Top out ~0.180V after a further 2 minutes.

Starting at 0.900V, the top out is 0.253V.
Starting at 1.000V, the top out is 0.328V.

« Last Edit: 2015-01-23, 04:04:36 by Slider2732 »


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Thanks for taking these measurements, Mark.
I know you're doing a lot, and it is much appreciated.
   
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Hi MArk,

Well,  although you could do some discharge tests with your supercaps one by one when you have the time, with known (measured) value resistors and with precise time measurements (say with a stop watch) but in order to use the online calculator link you should also know the actual capacitor value too. So there are two unknowns actually, maybe you have access to C meter able to measure in the Farad range, that would be good. Also, ESR meters are also available for capacitors, they look like a smaller DMM, but this depends on the make of course.
By the way, here is a link to an Application Note to measure supercaps parameters, though it is a specific product with known parameters, it may help to explore your caps too. https://www.tecategroup.com/app_notes/CAP-XX_AN1005%20Simple%20Supercapacitor%20Measurement%202-1.pdf  Of course, there are other methods, other members here may be able to suggest further methods.

For your 1 Farad 2.7V Nanoforce capacitors here is link where a value on short circuit current is given, 3.17 Amper and assuming the cap is charged up to the max 2.7V the ESR may be 2.7V/3.17A = 0.85 Ohm. Although the short circuit current is given. other manufacturers do give the direct ESR value for their super or ultracap products, Nanoforce seems not to do so for this 1F type: http://www.alibaba.com/product-detail/super-cap-samll-capacity-2-7v_1644343150.html 
With similar search you may explore some other types of your caps, I used these keywords in google: " nanoforce dlr 1F 2.7V supercap ".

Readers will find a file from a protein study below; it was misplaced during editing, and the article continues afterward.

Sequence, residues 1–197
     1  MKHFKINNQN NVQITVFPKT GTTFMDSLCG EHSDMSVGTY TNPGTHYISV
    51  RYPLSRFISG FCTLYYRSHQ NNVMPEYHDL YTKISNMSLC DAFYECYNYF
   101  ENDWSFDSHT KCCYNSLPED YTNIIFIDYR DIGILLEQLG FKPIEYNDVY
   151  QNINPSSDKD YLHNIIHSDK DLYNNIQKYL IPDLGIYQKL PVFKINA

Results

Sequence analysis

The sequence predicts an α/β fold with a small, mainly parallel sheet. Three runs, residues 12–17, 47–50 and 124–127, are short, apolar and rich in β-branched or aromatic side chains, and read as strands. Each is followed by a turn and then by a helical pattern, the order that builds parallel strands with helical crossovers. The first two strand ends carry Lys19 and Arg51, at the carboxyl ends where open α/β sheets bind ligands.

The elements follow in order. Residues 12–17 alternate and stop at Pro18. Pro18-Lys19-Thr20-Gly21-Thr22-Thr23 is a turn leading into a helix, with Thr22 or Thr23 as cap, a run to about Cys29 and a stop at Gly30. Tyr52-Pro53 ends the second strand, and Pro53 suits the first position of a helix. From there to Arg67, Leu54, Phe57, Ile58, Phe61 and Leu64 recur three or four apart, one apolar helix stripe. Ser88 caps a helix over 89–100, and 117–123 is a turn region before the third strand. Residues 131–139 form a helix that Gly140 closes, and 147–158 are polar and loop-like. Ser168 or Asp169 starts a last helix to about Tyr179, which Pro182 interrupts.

On your question: "If the age brings internal resistance, but all caps actually charge to the correct voltage and Farad rating, does that help a motor at all that wishes to sip power ?"

I would say yes it does. Aging has larger effect on supercaps when they are not used for years but if you charge them up to just under their rated voltage (say to 2.5-2.6V for a 2.7V cap) and keep the 2.5V voltage on the cap for some hours then disharge it (not with a srewdriver bang but with a resistor) and then repeat the charge up again, your cap will be revived in most cases and would serve like a new one. 

You wrote: "Indeed i'd like to try a larger main rotor and see if smaller rotors will spin fine with it."

When the number of magnets are two and two on the driving and the remote rotors, respectively, then syncronism may be more difficult to maintain because the flux connection between the rotors changes (fluctuates) in a greater degree versus the case when the number of magnets are higher than two on each rotor. So it would be advisable to use say 4 on the driving and 4 on the remote rotor, this latter having twice (or maybe 3 times) as high diameter than the driving rotor has. Of course you decide.

Thanks for the measurements, the "top out" means that the run cap has discharged (in one example) from 0.9V to 0.253V while the test cap was charged up to just 0.253V during the same time, correct? If not, please explain.  Also, try to check with the full wave voltage doubler whether you get similar output voltage on the second 1000uF?

Gyula
   
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@All -
Today will see tests with the doubler circuit and, variants with different components.
The best results managed with 1 'dancing' coil as energy pickup will allow furthering, or, dropping of those as the pickup coils.